new variants put mass immunity in check

posted on 09/11/2021 06:00

Street in London: the delta strain, discovered in India, is 60% more contagious than alpha, first recorded in the UK - (credit: Niklas Halle'n/AFP - 7/6/21)

Street in London: the delta strain, discovered in India, is 60% more contagious than alpha, first recorded in the UK – (credit: Niklas Halle’n/AFP – 7/6/21)

Authorities at the World Health Organization (WHO) are pessimistic about the possibility of reaching the so-called herd immunity against covid-19 only with the application of vaccines. Until then, it was believed that, if 70% of the world’s population were immunized, it would be possible to work with the idea of ​​having the spread of the virus under control. Yesterday, however, Hans Kluge, medical specialist in public health and WHO regional director for Europe, said that the new variants could be calling into question the scenario that a high rate of vaccination would alone stop the current health crisis.

The statement was made at a press conference at which experts from the United Nations agency reported that the emergence of new strains of Sars-CoV-2, such as delta, are increasing the transmission power of the virus and, consequently, reducing the chances of achieving collective immunity. In this scenario, for Hans Kluge, the probability that the new coronavirus remains an endemic disease is increasing.

For this reason, he asked world authorities and officials in the area to create more effective vaccination strategies, especially with regard to booster doses. “If we consider that covid-19 will continue to mutate and remain among us, like the flu, then we must predict how to progressively adapt our vaccination strategy against endemic transmission and gain more valuable knowledge about the impact of additional doses,” he said. .

In May, the WHO regional director declared that the pandemic would end when we reached “a minimum vaccination coverage of 70%” of the world’s population. Yesterday, when asked if he kept what he said, Kluge replied that the new variants, especially the more contagious ones, have changed the situation. He explained that, before, although the delta strain, first detected in India, already existed, “there was no similar emergence of more transmissible and more viral variants”. “This brings us to the point that the essential objective of vaccination is, above all, to avoid the severe forms of the disease and mortality”, he highlighted.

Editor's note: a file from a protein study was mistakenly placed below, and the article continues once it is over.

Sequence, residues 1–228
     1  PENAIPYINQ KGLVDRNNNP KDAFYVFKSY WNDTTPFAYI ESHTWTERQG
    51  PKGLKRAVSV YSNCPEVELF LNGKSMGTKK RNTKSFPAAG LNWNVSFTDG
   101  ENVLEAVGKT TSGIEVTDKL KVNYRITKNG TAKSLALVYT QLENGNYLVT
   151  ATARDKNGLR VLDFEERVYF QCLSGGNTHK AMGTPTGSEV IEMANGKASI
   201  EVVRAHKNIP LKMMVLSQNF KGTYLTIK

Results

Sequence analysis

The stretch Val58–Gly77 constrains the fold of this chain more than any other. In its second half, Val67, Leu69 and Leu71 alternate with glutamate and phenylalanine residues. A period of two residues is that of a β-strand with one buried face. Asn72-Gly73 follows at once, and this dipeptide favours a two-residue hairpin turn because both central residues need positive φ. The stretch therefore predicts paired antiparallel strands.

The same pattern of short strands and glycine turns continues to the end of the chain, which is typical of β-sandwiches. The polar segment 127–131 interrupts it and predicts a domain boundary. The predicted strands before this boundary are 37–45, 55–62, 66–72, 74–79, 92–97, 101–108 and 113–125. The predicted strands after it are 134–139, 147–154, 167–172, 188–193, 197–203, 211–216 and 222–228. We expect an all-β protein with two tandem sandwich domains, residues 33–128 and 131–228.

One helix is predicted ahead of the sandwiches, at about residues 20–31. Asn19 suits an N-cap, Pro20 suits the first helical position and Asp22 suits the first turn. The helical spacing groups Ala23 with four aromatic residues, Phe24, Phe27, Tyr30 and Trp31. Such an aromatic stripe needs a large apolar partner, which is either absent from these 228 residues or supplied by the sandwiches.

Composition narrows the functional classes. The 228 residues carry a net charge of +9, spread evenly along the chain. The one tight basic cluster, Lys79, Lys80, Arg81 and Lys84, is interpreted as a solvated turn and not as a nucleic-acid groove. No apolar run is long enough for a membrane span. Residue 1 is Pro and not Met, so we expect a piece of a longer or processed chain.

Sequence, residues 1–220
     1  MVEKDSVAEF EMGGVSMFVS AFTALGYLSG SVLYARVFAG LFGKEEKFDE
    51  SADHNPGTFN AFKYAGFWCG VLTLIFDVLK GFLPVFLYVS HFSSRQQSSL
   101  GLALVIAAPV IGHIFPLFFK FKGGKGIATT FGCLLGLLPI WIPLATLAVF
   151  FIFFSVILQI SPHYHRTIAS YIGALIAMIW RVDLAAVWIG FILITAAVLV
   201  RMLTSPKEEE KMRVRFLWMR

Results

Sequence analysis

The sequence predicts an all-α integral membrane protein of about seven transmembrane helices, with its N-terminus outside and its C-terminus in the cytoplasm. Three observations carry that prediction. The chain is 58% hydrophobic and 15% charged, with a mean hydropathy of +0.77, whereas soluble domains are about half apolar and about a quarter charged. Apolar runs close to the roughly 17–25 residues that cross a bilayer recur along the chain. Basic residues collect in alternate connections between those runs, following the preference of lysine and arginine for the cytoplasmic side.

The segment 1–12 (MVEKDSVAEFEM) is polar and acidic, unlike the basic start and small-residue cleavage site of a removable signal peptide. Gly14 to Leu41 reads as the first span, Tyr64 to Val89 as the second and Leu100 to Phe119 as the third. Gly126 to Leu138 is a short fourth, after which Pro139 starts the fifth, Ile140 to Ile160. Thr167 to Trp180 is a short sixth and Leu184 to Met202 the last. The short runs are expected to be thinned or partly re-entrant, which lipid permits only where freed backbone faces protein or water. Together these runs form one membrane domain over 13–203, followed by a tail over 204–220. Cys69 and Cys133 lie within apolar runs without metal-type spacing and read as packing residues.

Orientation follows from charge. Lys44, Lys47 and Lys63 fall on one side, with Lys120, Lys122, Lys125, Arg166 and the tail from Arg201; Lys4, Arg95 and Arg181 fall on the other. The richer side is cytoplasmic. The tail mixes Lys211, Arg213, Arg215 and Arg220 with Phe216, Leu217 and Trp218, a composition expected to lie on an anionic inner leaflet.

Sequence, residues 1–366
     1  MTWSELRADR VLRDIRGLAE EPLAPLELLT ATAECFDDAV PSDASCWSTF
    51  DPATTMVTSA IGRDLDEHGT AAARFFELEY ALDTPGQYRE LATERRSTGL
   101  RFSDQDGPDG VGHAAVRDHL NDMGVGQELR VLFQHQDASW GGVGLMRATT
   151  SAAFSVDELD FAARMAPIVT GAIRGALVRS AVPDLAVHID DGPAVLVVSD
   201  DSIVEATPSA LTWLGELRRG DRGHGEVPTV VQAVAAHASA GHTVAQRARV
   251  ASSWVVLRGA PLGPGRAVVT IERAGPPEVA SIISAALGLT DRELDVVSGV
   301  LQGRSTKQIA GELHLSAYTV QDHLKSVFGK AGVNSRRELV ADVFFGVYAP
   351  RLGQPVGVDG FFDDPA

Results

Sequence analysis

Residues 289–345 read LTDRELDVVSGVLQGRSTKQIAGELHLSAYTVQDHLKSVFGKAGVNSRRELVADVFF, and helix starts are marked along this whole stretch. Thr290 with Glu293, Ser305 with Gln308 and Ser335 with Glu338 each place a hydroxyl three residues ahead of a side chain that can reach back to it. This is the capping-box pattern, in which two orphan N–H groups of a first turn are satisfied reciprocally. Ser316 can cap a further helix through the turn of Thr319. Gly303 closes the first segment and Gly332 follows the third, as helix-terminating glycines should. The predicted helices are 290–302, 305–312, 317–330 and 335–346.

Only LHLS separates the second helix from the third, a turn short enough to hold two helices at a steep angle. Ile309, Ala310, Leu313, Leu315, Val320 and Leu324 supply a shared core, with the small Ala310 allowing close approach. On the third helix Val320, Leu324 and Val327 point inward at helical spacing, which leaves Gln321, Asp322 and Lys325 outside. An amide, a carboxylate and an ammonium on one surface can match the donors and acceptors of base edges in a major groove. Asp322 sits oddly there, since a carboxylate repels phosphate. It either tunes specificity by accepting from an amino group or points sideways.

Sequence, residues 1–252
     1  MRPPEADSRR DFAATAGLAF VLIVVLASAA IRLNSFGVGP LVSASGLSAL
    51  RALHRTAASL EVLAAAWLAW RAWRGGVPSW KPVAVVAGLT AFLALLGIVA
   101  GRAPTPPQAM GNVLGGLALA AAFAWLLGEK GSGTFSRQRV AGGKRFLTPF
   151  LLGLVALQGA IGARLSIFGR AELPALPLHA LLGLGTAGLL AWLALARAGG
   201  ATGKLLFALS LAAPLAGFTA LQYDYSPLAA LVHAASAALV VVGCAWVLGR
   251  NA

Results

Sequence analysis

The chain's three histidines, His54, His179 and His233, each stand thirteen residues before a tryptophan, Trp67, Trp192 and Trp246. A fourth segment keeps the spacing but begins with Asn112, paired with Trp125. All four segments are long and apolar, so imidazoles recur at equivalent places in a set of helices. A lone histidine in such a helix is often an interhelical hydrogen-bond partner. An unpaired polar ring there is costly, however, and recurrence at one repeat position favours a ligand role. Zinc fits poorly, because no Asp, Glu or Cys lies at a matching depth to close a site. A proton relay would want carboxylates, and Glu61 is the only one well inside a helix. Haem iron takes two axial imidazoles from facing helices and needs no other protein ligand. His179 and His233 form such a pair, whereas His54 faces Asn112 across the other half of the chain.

The delta variant — currently dominant in almost all countries hit by the covid-19 pandemic — is estimated to be 60% more contagious than the alpha, initially recorded in the UK, and twice as much as the strain that started the worldwide outbreak. The more contagious a pathogen, the higher the rate of people who need to be immunized to achieve collective immunity and stop the epidemic, and theoretically immunity can be achieved with vaccines or by being infected.

According to epidemiologists, as unrealistic as it may seem to achieve collective immunity with protective drugs alone, they are still essential to stop the pandemic. Immunization also remains paramount “to reduce the pressure on our health systems, which desperately need to treat diseases other than covid-19,” added Kluge.


The UN agency links the debate to criticism of the application of booster doses against covid — a strategy adopted by several countries. From a scientific point of view, there is a consensus on the need to protect people with a vulnerable immune system, such as the immunosuppressed and the elderly. But WHO criticizes what it classifies as “widespread use” of the measure.

“At the moment, we don’t want widespread use of booster shots for people in good health who are fully vaccinated. I will not remain silent when companies and countries that control the world’s supply of vaccines think that the world’s poor should be content with leftovers,” said Tedros Adhanom Ghebreyesus, director general of the organisation, on Wednesday. At the time, he also asked for the moratorium on booster doses to be extended to at least until the end of this year, so that each country can vaccinate at least 40% of its population.

bet on new drug

US researchers are betting on a drug used to treat gout as a new therapy against covid-19. They observed positive results when using the drug in human cells and animals infected by the new coronavirus, as well as other similar pathogens. The work data were presented in the latest edition of the specialized magazine Scientific Reports.

In the article, the authors report that the search for treatments for covid-19 is extremely important, considering the limited available therapies. “There really isn’t a completely effective alternative to safely combat these viruses,” emphasizes in a statement, Ralph Tripp, lead author of the study and a professor at the University of Georgia School of Veterinary Medicine.

Tripp and colleagues chose to assess the curative power of probenecid, which had shown remarkable antiviral properties in previous studies. The drug was tested in human cells and in mice infected with Sars-CoV-2, influenza (flu) and respiratory syncytial (common in newborn children) viruses. Results were positive in all analyses.

“This drug reduced the amount of viruses, and this is something that can help us to treat the disease (covid). Another advantage is that this medicine is safe for humans because it has been widely used for over 40 years”, celebrates Tripp. The next stage of the study will be to assess the drug’s power in clinical analyzes with volunteers.